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Wheat midge forecasting maps predict emergence

While the 2009 wheat midge infestation was considered a light year by historical standards, that did not make the scouting season any easier for those in risk zones. What did make a difference is a new version of the wheat midge emergence map, posted on the Canadian Wheat Board (CWB)’s website.


March 17, 2010
By Bruce Barker

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While the 2009 wheat midge infestation was considered a light year by historical standards, that did not make the scouting season any easier for those in risk zones. What did make a difference is a new version of the wheat midge emergence map, posted on the Canadian Wheat Board (CWB)’s website.

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This Canadian Wheat Board wheat midge map for July 17, 2009, shows accumulated degree days above five degrees C. (Photo courtesy of the Canadian Wheat Board)


First debuting in 2008, with refinements in 2009, the predictions are based on research by Dr. Bob Elliott, a research scientist at Agriculture and Agri-Food Canada at Saskatoon, Saskatchewan. “Historically, if you looked at the information on when wheat midge could emerge, a wheat producer could be out scouting for four to six weeks. Research helped to pinpoint emergence a little more closely using calendar days, but there was still a five- to seven-day window when the midge might be emerging. Using growing degree days has helped us narrow that down to two to three days,” explains Elliott. “It is definitely a time- and labour-saving device.”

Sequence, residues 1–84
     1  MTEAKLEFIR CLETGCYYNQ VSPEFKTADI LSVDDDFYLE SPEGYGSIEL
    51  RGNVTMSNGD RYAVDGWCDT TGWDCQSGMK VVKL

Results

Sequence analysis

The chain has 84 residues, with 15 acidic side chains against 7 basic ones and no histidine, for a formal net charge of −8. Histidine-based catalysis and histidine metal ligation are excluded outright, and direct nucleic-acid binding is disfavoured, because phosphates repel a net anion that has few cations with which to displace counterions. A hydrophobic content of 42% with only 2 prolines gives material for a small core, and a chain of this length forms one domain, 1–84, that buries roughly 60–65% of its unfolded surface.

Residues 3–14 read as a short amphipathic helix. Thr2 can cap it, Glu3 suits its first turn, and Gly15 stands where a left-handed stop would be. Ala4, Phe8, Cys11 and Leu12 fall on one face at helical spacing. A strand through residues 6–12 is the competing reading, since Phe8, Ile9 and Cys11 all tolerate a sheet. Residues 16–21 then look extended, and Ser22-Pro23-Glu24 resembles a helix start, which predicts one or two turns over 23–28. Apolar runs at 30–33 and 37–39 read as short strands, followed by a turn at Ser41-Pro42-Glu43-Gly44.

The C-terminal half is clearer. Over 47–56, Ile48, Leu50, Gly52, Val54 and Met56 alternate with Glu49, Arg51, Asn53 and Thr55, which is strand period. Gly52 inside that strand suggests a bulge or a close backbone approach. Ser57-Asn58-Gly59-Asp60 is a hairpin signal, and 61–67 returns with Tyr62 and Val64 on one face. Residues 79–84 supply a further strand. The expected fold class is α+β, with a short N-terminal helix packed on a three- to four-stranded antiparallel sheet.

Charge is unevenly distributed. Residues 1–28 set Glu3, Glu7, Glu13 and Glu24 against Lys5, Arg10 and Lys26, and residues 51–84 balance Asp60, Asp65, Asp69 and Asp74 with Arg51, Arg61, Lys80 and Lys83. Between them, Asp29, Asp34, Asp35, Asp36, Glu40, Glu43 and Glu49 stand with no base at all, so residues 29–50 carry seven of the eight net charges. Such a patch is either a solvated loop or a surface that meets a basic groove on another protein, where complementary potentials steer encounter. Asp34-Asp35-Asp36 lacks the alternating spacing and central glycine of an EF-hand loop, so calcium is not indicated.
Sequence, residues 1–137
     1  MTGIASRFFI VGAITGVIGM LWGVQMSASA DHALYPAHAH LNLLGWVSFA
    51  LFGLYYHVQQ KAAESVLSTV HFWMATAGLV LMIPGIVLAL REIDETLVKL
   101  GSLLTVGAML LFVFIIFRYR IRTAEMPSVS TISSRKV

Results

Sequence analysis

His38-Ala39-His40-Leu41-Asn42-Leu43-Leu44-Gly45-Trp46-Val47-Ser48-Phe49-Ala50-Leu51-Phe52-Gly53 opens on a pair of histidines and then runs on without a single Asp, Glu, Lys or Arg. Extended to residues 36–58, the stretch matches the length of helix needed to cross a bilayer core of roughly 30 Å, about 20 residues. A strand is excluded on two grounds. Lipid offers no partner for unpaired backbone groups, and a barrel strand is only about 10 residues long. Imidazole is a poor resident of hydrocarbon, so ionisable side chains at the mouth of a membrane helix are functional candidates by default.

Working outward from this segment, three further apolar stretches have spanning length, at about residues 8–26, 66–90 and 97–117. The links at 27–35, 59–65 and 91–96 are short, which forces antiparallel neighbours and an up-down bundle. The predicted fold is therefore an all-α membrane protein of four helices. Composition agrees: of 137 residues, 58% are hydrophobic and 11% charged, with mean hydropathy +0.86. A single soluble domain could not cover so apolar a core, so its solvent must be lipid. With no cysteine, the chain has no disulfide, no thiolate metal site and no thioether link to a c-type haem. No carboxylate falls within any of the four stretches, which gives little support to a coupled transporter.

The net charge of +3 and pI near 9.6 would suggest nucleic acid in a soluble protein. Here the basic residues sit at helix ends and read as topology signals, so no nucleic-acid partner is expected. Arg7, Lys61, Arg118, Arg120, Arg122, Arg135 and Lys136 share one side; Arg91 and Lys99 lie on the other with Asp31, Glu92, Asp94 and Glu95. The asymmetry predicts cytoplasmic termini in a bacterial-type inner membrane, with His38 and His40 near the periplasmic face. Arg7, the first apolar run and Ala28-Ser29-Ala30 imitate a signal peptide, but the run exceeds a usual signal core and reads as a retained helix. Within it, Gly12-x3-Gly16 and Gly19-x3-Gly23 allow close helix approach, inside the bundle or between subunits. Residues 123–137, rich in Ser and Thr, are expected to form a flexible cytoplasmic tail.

Wheat midge scouting and control is based on when the crop is heading (wheat head becomes visible as the boot splits until the initial stages of flowering) and the adult midge density is at economic densities of one adult midge for every eight to 10 wheat heads during the susceptible stage if aiming for high quality grades. Economic thresholds for potential yield loss are one adult midge for every four or five wheat heads. By flowering, the wheat develops resistance to the midge larvae. By pinpointing when wheat midge is likely to emerge, farmers are able to narrow down their scouting activities.

Elliott originally evaluated adult wheat midge emergence at 19 sites in Saskatchewan from 1991 through 2000. Emergence was assessed in relation to calendar days and accumulated degree days (DD) above five base temperatures. This research formed the basis of the emergence map, and was re-assessed in 2008.

Dates for 10, 50 and 90 percent emergence of both sexes at 16 sites averaged July 11, July 18 and July 25, respectively. These dates predicted the timing of emergence in 2008 within one day or less. Elloitt explains that the results suggest that wheat midge populations in Saskatchewan reach potentially damaging numbers from July 11 until July 25 and tend to peak on July 18. However, he says, observed calendar dates varied by plus or minus 5.4 to 5.9 days at the 16 sites.

The variation in emergence dates from site to site resulted from the differences in accumulated DD between March 1 and July 31 says Elliott. Emergence was two to eight days earlier than expected at sites with the highest DD accumulation and four to 10 days later than expected at sites with the lowest accumulation. “Clearly, emergence occurred earlier than expected when temperatures were above average and later than expected when temperatures were below average,” he explains.